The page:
Men shortage sparks role reversal: Ukrainian women step in across industries

Ukrainian women take up male-dominated professions amid Russian invasion
Ukrainian women take up male-dominated professions amid Russian invasion

A surge of Ukrainian women is breaking into fields once dominated by men, stepping into roles like truck driving, security, locksmithing, and machine operation.

Driven by the war and conscription, there’s a notable shift toward more women in traditionally male-centric professions, noted labor market expert Tetiana Pashkina in 2023.

This trend takes center stage in the article Country of Women featured in NV magazine No. 2.

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At the metallurgical powerhouse ArcelorMittal, the ranks of female electricians, locksmiths, coke sorters, and transporters have swelled since the Russian invasion began, said Kateryna Zaloznykh, HR Director at ArcelorMittal Kryvyi Rih and Steel Service.

“More women are training for ‘male’ jobs, blurring the gender lines,” she said.

Among them is Olha Vakulenko, 32, from Kryvyi Rih, who made a radical career shift from retail to becoming a machine operator at a foundry-mechanical plant. ArcelorMittal Kryvyi Rih, with licenses for over 350 professions, actively upskills and retrains female workers.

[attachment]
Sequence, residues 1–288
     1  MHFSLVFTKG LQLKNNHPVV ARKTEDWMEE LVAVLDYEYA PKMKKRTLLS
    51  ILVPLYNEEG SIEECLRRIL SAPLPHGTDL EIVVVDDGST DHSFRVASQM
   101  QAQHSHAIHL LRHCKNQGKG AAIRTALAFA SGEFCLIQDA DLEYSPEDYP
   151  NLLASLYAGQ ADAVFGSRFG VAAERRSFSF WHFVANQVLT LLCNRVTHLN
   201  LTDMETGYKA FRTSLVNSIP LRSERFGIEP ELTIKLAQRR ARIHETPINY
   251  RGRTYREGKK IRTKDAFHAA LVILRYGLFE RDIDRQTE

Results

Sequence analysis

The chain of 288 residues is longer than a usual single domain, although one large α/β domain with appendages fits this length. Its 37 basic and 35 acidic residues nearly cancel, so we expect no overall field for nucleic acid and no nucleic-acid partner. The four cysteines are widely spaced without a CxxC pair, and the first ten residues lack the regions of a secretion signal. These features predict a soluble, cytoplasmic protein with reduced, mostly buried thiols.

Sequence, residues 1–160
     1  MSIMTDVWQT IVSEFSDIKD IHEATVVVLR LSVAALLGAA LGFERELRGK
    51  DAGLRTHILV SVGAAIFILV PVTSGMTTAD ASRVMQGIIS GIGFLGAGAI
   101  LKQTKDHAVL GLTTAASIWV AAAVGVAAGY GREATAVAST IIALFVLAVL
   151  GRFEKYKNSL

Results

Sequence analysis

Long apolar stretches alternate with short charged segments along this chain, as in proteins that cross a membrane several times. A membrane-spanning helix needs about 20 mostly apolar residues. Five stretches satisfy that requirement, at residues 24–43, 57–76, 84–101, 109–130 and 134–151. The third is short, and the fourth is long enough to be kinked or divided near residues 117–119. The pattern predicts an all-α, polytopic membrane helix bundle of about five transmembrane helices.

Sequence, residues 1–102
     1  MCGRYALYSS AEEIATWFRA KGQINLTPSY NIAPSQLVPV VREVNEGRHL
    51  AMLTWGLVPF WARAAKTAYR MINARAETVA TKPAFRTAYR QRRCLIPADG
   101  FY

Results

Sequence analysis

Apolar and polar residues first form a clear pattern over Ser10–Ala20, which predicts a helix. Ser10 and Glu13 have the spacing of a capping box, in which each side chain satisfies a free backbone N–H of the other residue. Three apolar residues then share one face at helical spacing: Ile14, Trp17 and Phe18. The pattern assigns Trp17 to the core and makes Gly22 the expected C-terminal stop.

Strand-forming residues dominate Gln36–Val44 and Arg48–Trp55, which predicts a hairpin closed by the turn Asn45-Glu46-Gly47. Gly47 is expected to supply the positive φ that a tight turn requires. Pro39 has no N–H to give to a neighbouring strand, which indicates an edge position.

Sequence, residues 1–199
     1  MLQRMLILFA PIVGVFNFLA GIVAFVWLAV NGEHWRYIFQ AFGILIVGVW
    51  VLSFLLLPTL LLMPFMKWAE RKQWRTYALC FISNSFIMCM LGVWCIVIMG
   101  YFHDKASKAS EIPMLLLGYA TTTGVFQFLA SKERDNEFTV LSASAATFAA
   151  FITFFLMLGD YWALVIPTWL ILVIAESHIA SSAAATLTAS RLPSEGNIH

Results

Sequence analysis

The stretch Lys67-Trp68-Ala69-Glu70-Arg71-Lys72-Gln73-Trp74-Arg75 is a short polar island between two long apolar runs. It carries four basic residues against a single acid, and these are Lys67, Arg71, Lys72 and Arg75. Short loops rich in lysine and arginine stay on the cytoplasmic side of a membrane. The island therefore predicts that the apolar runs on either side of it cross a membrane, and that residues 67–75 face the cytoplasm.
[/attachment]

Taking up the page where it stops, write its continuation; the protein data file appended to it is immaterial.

Nearly 5,000 women underwent training at the company last year — twice the number from 2022, Zaloznykh said. Of these, 270 women ventured into entirely new roles, including crusher, foundry, wagon tipper and crane operators, metal cutters, and repair locksmiths.

At the Ukrainian retail giant ATB-Market, a shortage of men in physically demanding roles is apparent.

“Currently, 30% of our male staff has been conscripted,” they said.

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The most acute need is for truck drivers and loaders handling items weighing 25-35 kg. ATB-Market is turning to women to fill these gaps, hiring them as store security guards and forklift operators.

Ukraine’s trade industrial group Fozzy Group has also begun hiring female truck drivers, with Lilya Shulha from Boryspil and Natalia Tymoshenko from Kyiv delivering goods for Silpo stores on 10-tonne Scania trucks.

At DTEK Energo, about 15% of the workforce (nearly 4,400 people) is in the Ukrainian army, predominantly men.

“Of these, 4,000 work in coal mining,” said the company’s press service, adding that about 1,300 workers typically work at one mine. This has significantly affected coal production.

However, women are now being recruited for auxiliary roles or where significant physical labor isn’t required. The company is seeing a rise in female candidates willing to work underground.

Women are now operating underground equipment and coordinating mining elevator operations. They are also excelling as electrical fitters, signaling ongoing diversification.

Ukraine’s group of companies Metinvest, which includes mining, steel enterprises, and sales network, is also expanding its female workforce, with a 9% increase in hires.

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“This is significant for us,” said Artem Lohachov, Director of Personnel Management and Rewards at Metinvest.

But Lohachov acknowledges that female demand isn’t enough to offset male shortages in all areas. The company aims to boost female presence in repair roles, freeing up men for jobs like quarry excavator operators. Out of over 60,000 active employees, about 8,000 are currently serving in the Ukrainian army.

The article originally appeared in print in NV magazine No. 2 in April 2024, available for purchase via the provided link.

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Read the original article on The New Voice of Ukraine